Let Your Mind Run by Deena Kastor and Michelle Hamilton

Let Your Mind Run

Deena Kastor and Michelle Hamilton

This memoir will appeal to the pragmatic athletic population, and jointly to fans of engaging sports narratives, inspirational memoirs, and uplifiting biographies.

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Deena Kastor was a star youth runner with tremendous promise, yet her career almost ended after college, when her competitive method—run as hard as possible, for fear of losing—fostered a frustration and negativity and brought her to the brink of burnout. On the verge of quitting, she took a chance and moved to the high altitudes of Alamosa, Colorado, where legendary coach Joe Vigil had started the first professional distance-running team. There she encountered the idea that would transform her running career: the notion that changing her thinking—shaping her mind to be more encouraging, kind, and resilient—could make her faster than she’d ever imagined possible. Building a mind so strong would take years of effort and discipline, but it would propel Kastor to the pinnacle of running—to American records in every distance from the 5K to the marathon—and to the accomplishment of earning America’s first Olympic medal in the marathon in twenty years.

Let Your Mind Run is a fascinating intimate look inside the mind of an elite athlete, a remarkable story of achievement, and an insightful primer on how the small steps of cultivating positivity can give anyone a competitive edge.

Advance Galley Reviews

I was excited to be offered a copy of this book from First to Read! I have been running for several years now, and while I will never win any medals or really even come close, I am interested in how to improve my performance. I was thrilled to see that Kastor's book is more about the mental aspects of running than a how-to list of strength training and diet plans. I really struggle with stopping when I get tired, and with my brain telling me I just can't run another step, and Kastor's book was one more way of telling me that it's all in my head. Seeing someone who was already great at running realize that a positive attitude and mental training would improve their running made me want to head out the door for a run myself. I really love the easy to implement ideas like beginning a run looking forward to it rather than with dread. I ran my first marathon last summer and feel like I wasn't prepared at all mentally, and I look forward to using her good attitude to push me closer to my own goals.

"One of the lessons from Beijing was that there was a difference between being fit and being healthy, I was one, not the other." I received a copy of this ebook from firsttoread.com in exchange for an honest review. This is an intimate look at the life of Deena Kastor. This book is more memoir than self-help as Kastor documents her time running from gradeschool to marathons. This book is charming and accessible. It's well paced too so we get snippets of Kastor's life as she cycles in and out of running. Once she commits to running as a professional we get to see how she went from short distance to marathon training and the people who influenced her along the way. The book is a somewhat light and enjoyable read where we see Kastor struggle with her confidence and ultimately achieve great things.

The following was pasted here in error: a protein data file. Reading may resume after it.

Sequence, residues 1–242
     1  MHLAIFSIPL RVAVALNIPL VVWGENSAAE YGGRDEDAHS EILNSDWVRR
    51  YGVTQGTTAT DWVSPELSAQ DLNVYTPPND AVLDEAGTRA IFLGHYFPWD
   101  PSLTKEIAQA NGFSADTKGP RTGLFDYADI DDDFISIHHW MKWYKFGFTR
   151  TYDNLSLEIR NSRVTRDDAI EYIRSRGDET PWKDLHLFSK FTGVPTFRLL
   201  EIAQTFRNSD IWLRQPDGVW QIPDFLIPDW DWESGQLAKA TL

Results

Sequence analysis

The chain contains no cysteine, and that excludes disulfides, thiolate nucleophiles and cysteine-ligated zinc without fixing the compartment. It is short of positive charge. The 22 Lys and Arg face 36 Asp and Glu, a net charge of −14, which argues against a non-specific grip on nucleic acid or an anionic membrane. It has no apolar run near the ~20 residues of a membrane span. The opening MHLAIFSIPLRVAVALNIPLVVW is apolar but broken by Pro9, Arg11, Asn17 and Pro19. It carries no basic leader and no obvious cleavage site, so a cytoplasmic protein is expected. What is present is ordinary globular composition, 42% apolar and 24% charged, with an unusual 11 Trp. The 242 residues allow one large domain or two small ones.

I am not a runner. In fact I’m not an athlete, an athlete wannabe, or even a regular walker. I chose this book from Penguin’s ARC offerings because the description intrigued me. I was not disappointed. I enjoyed every part of this book: first, just the story itself; then watching the author grow physically, emotionally, and socially; listening to her thought processes in preparation and in the events themselves; the science behind the coaching methods and the coaches’ interactions with the runners. A most enjoyable read, and one that provided me with some valuable insights as well

As a marathoner (and Deena Kastor fan), I love this book! Being physically prepared and well trained isn't enough to conquer the marathon; it requires mental strategies to help get you through tough workouts and the ups and downs of the race. I could relate to everything Deena said and loved the positive approach to running and racing as well as how it relates to life. It's comforting to know that even the elite athletes go through the same thoughts and feelings as the non-elites. Deena's career proves that these strategies work!


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